a comfortable winged armchair by the fire, crossed his ankles, and was soon, to
all appearances, fast asleep.
As he lay
dozing, the door was quietly opened, and a tall figure slipped into the room. The
intruder moved silently across the apartment and stood regarding the somnolent
Earl, an expression of insolent amusement upon his rather saturnine countenance.
moments, he coughed raspingly in his throat and, as Debenham raised sleepy
eyelids, the gentleman assumed an expression of great geniality, saying: “Your pardon,
Sir, for this intrusion, but 'tis devilish cold weather and not a decent fire
to be had anywhere. I made sure you would not object to my sharing the parlour
for a little while, 'til I warm myself.”
The Earl did
not receive this speech in a manner that lent any colour to the stranger’s
conviction. However, he merely shrugged and waived his visitor vaguely towards
The man seated
himself in a chair opposite Debenham’s, very much at his ease, and began to
converse in the same bluff style. “A filthy night out there, my Lord. I will
own myself surprised if we may board the Calais Packet tomorrow or for some
days to come for that matter.”
me, Sir. I can only trust that you may be proved to be mistaken.”
business is of an urgent nature, my Lord,” suggested the stranger.
Mr ... er ...?”
Wellbeloved, at your service, Sir.”
Lord Debenham bowed.
“Hardly what one might describe as urgent, Mr Wellbeloved, but the prospect of
kicking my heels in this extremely uncomfortable inn for any length of time is
not one that I can support with any equanimity.''
“Oh come, Sir,
you are too severe. A very tolerable little place, I am sure,” replied Mr
Wellbeloved, showing his teeth in an ingratiating smile, “Although not to be
compared with the kind of place you are accustomed to, my lord Earl.”
Lord Debenham raised
an eyebrow at this familiarity, but he refrained from comment. His expression
lightened when John entered the apartment at that moment. Bestowing one of his
rare, attractive smiles upon the man, he said, “As you see, John, we have a
guest for supper. I am sure the landlord will be capable of accommodating my
“Of course, Sir,”
responded John calmly. “I shall lay an extra cover immediately.''
“Thank you.” Lord
Debenham, having decided that his duties as host had now been amply fulfilled,
closed his eyes once more, and silence reigned in the room, broken only by an
occasional soft snore.
watched his companion for some appreciable time before, having assured himself that
Lord Debenham really slept, he rose and trod stealthily across the room to
where Debenham's greatcoat was slung carelessly over a chair. Then, with practised
skill, he proceeded to rifle the pockets. He laid the coat down empty-handed, a
dissatisfied frown creasing his brow. Across the room, Lord Debenham stirred
slightly and, by the time he raised his weary gaze, Wellbeloved was again in
his chair, to all appearances as deeply asleep as his companion. The Earl regarded
his visitor with sleepy amusement, and a soundless chuckle shook his elegant
appeared, both gentlemen attacked it with a hearty appetite. Conversation was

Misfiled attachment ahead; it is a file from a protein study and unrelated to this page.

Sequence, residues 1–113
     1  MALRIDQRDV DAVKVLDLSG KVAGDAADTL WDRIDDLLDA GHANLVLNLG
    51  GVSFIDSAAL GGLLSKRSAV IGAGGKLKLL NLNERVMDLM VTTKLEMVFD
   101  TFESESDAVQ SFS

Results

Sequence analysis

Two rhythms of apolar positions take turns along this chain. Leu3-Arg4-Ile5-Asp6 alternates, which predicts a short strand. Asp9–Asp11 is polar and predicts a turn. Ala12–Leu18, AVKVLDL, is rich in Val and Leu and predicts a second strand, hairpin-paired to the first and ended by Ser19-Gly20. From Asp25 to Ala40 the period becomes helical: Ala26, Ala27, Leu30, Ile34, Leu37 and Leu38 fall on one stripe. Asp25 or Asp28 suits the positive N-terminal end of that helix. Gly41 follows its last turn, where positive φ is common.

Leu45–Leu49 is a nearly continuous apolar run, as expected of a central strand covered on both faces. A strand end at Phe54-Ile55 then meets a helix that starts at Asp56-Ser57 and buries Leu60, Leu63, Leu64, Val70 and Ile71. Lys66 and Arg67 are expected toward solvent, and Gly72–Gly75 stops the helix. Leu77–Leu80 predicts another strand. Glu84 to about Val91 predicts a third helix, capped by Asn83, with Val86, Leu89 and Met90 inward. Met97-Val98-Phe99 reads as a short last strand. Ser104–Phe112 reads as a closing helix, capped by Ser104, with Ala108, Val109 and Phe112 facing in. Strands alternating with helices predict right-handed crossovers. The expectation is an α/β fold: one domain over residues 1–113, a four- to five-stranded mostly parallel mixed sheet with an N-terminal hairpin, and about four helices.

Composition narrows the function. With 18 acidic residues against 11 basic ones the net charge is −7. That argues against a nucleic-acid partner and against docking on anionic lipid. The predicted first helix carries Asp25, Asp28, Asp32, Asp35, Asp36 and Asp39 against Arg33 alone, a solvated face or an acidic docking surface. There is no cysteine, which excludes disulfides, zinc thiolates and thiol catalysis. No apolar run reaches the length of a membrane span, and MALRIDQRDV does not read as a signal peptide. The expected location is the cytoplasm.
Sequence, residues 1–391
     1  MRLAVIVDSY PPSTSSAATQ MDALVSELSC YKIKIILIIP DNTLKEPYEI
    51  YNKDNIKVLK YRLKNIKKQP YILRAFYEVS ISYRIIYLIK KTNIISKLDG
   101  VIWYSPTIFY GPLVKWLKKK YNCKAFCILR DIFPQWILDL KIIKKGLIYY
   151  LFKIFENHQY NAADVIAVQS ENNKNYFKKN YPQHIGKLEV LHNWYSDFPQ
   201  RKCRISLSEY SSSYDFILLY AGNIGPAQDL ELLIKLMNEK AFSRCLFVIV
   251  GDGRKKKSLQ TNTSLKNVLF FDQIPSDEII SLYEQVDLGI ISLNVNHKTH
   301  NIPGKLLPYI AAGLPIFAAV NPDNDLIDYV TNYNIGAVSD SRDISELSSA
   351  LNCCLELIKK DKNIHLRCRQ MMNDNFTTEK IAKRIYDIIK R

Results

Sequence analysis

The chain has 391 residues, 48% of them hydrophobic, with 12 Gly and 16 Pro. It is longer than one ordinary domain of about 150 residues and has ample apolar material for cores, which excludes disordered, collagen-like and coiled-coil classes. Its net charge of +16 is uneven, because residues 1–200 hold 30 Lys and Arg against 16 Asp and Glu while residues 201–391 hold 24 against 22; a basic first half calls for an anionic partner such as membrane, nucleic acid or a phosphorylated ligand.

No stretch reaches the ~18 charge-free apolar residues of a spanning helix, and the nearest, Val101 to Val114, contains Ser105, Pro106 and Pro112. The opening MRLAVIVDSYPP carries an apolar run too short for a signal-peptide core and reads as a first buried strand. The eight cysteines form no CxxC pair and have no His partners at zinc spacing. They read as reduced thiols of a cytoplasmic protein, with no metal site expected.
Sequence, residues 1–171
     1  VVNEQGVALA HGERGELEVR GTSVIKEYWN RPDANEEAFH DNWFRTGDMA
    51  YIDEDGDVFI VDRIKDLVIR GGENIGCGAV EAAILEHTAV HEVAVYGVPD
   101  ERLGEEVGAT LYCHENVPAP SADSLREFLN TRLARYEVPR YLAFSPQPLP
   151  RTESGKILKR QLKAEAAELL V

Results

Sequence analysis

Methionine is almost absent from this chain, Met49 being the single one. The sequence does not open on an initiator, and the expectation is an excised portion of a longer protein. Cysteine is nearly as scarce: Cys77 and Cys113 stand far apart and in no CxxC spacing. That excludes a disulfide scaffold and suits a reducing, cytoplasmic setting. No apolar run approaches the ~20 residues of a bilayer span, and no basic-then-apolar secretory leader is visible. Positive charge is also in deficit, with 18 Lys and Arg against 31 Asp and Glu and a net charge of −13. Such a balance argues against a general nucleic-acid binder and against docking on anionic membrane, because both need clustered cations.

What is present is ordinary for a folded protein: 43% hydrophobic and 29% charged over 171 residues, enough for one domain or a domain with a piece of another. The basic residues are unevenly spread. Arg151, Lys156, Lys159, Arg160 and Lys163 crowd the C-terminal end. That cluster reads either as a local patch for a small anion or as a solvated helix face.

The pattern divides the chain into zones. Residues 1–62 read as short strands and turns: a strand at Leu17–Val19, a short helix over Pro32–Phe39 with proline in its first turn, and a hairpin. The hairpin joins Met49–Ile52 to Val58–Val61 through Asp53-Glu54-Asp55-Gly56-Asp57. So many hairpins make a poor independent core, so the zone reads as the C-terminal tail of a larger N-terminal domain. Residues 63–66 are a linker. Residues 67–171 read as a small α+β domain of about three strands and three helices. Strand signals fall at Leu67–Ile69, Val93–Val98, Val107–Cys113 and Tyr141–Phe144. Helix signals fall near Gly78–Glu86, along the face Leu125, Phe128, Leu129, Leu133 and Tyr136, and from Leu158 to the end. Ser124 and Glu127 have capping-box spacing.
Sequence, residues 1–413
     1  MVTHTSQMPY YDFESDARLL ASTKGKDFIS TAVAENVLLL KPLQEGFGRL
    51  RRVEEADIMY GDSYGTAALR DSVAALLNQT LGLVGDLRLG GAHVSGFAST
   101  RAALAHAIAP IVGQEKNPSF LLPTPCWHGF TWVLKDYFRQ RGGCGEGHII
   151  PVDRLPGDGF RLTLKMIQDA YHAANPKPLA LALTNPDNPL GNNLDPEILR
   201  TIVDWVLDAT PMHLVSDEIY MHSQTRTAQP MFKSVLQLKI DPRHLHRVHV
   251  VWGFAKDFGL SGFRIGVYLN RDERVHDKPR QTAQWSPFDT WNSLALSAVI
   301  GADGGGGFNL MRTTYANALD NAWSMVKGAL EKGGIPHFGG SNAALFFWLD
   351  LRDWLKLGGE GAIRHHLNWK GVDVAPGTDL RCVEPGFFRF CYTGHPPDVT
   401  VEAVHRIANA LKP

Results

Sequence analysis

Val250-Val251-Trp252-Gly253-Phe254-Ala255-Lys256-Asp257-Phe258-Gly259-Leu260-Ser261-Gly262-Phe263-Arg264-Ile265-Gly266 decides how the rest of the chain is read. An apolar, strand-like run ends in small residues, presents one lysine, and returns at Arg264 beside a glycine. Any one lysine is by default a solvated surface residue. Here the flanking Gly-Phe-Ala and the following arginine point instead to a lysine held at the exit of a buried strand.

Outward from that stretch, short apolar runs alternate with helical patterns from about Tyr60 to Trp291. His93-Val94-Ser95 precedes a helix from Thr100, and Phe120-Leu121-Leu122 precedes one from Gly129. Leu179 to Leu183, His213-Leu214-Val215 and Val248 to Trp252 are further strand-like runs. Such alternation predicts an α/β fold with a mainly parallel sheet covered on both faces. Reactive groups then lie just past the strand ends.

of the most desultory kind, chiefly, indeed, consisting of Mr Wellbeloved's attentions
to the Earl. He was constantly helping him to the dishes before them and was
most officious in filling his Lordship’s glass. Yet it was noticeable that he
drank little himself. Lord Debenham's eyes glinted in secret amusement as he tossed
off glass after glass of the excellent wines provided by mine host.
The last covers
having been removed, the gentlemen were left to sample the landlord's brandy,
and Mr Wellbeloved was able to continue his gentle probing into the Earl's
urgent business abroad.
“I will tell
you truly, my Lord,” he said expansively as he leant back in his comfortable
armchair. “Nothing but the most urgent necessity would draw me from home on
such a night as this.”
responded Debenham with tepid interest.
errand is not a happy one. The death of a most beloved relation, Sir, has drawn
me hence, and a melancholy journey it is.”
“You are very
good, Sir,” bowed Wellbeloved. He waited hopefully, but it became obvious that
Lord Debenham had no intention of indulging in a gratifying exchange of
confidences. The wine with which he had been plied had had more than the effect
calculated, for instead of becoming confidential, the Earl merely displayed a
marked tendency to fall asleep before Wellbeloved’s exasperated gaze.
At last, he
rose and made his way carefully to the door.
“I bid you
goodnight, Mr Wellbeloved,” he said, the deep voice a little slurred.
He bowed and
withdrew. As the door closed behind him, he straightened and, with a firm tread,
made his way swiftly to his own apartment.
waiting for him inside, obviously suffering a good deal of anxiety.
“What did that
devil want with us, Sir?” he demanded urgently.
“So you did
recognize him, John. I wondered,” rejoined his Lordship, seating himself upon
the bed and holding forth one booted leg to the valet.
“Of course I
knew him!” answered John scornfully. “Yon's not a face you forget in a hurry.”
laughed shortly, “No, I think our friend has underestimated us, John; I really think
so. I am not so easily drawn.”
“D’ye think he
suspects ye, Sir?” questioned the servant anxiously.